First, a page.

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Youth movement in Oakland will have Raiders relying heavily on veteran leaders

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Taking young players under their wings will require a big nest and a large wingspan this season.

NFL: Preseason-Oakland Raiders at Arizona Cardinals Matt Kartozian-USA TODAY Sports

In a very un-Jon-Gruden-like move, the Raiders are suddenly quite a young team. They are one of the ten youngest in the league, in fact. That’s rather shocking for a coach like Gruden who is notoriously a fan of veteran players. And this youth movement isn’t just the backups and special teamers, it’s the starters and major contributors too.

The average age of the Raiders 53-man roster is 25.6. That’s 9th in the league, after being the NFL’s oldest in 2018 with an average age of 27.4.

When you look at just the projected opening day starters and major contributors on the team, the average age doesn’t change. It’s exactly the same (25.6). With an average NFL experience of just four years.

Among them is as many as six rookie starters and five second year players. There are also 13 major contributors under the age of 25.

On offense, the skill positions are the youngest. With a rookie running back (Josh Jacobs), rookie fullback (Alec Ingold), rookie slot receiver (Hunter Renfrow), rookie blocking tight end (Foster Moreau), and starting tight end with just 22 game appearances in three seasons.

Derek Carr is obviously the leader of the offense and they will lean on him to get his young weapons up to speed and performing at a high level in this offense.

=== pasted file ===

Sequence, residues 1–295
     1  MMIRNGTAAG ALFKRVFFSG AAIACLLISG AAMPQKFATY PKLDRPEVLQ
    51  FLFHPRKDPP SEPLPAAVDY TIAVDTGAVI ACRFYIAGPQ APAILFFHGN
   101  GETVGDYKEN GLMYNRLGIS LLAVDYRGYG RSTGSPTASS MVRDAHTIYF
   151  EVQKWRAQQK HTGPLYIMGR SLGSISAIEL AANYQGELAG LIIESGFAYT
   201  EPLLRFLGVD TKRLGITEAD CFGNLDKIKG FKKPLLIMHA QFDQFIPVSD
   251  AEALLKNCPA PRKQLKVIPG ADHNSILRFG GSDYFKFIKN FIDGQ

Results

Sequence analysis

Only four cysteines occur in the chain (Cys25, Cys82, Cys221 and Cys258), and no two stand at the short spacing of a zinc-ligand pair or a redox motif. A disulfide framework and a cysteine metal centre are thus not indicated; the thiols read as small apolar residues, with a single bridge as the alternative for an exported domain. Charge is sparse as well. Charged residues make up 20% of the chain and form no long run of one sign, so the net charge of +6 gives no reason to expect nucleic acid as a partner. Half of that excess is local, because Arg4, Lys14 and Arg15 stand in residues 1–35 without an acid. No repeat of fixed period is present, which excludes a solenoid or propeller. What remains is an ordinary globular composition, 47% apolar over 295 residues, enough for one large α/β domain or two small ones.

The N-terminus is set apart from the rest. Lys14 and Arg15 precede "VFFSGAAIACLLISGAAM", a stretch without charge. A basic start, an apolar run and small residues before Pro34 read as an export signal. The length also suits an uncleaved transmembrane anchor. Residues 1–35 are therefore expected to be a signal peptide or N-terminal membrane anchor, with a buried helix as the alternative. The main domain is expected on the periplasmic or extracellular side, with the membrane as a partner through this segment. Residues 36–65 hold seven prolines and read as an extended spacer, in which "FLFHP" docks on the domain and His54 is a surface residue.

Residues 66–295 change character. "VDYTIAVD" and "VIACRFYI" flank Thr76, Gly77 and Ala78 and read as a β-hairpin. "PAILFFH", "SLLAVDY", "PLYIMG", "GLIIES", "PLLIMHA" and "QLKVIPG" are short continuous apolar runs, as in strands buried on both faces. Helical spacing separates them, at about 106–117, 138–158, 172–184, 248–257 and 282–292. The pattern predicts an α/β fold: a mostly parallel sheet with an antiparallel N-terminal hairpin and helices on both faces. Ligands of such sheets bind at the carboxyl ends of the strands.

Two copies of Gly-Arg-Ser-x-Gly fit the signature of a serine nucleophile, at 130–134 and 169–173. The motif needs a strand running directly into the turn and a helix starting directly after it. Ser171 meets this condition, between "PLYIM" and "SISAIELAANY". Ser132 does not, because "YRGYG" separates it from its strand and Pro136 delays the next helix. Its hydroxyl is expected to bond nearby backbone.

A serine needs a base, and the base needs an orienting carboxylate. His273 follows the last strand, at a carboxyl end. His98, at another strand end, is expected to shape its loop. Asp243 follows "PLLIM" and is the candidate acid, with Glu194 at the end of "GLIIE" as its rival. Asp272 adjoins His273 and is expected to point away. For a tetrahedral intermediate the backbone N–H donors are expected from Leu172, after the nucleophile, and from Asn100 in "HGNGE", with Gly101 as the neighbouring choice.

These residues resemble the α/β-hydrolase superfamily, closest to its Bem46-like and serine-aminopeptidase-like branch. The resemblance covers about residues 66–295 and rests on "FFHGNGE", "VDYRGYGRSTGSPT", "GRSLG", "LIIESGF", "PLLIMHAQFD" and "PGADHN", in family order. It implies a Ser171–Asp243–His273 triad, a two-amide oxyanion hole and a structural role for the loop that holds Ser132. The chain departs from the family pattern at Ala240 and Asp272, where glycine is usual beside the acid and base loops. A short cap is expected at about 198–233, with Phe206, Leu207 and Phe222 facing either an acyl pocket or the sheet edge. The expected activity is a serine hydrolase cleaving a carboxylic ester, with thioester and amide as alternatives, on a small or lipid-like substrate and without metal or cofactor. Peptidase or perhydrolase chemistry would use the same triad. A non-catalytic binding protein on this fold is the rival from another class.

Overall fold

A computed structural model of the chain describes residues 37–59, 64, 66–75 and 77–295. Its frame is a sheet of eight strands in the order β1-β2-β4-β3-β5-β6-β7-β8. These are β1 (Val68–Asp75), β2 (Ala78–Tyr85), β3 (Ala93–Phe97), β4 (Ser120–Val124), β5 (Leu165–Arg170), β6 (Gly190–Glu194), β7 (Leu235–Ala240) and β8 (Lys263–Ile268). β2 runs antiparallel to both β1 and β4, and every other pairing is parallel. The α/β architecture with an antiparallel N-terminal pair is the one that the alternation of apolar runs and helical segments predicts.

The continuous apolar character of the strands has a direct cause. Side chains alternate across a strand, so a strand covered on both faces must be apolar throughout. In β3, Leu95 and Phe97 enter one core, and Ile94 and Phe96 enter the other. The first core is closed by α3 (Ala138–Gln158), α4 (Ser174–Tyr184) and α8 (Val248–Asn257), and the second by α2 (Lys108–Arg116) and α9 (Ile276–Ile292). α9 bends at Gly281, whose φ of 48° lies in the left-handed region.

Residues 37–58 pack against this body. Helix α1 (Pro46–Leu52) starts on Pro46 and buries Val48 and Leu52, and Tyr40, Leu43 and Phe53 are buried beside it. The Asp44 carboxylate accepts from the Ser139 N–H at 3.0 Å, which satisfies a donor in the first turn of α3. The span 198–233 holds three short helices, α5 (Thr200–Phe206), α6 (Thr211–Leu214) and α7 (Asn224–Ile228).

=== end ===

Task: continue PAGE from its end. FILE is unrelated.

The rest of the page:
On the other side of the ball, there is a rookie starting defensive end (Clelin Ferrell), rookie safety (Johnathan Abram), second year edge rusher (Arden Key), second year defensive tackle (Maurice Hurst), and linebacker Nicholas Morrow with just ten career starts in two seasons.

For that leadership, they will look to middle linebacker Vontaze Burfict.

“Certainly we’re going to be young,” said Gruden.

“To have a signal caller on both sides with the charisma, the leadership and the experience of Burfict and Carr, helps us.”

There is someone for young players to turn to at basically every position. really.

On the offensive line it’s Rodney Hudson, who is the glue of the team and just signed an extension making him the league’s highest paid center.

In the secondary it’s Lamarcus Joyner, who signed with the team this offseason and despite playing nickel corner figures to be on the field for somewhere around 70% of the defensive snaps.

On the defensive line there’s 7th year defensive tackle Johnathan Hankins who Gruden calls the most improved player, and recently added veteran nose tackle Corey Liuget.

On special teams — where the Raiders have a rookie punter (AJ Cole), a second year kicker (Daniel Carlson) and second year long snapper (Trent Sieg) — there is 9th year return man Dwayne Harris and 8th year captain Kyle Wilber.

That’s not to say these veterans are leaders merely by virtue of having played in the league a while. But they are a resource from which the young players can draw should they feel uncertain about things. And with basically half the key contributors on this team either a rookie or second year player, the Raiders will need these veterans to have some big wings.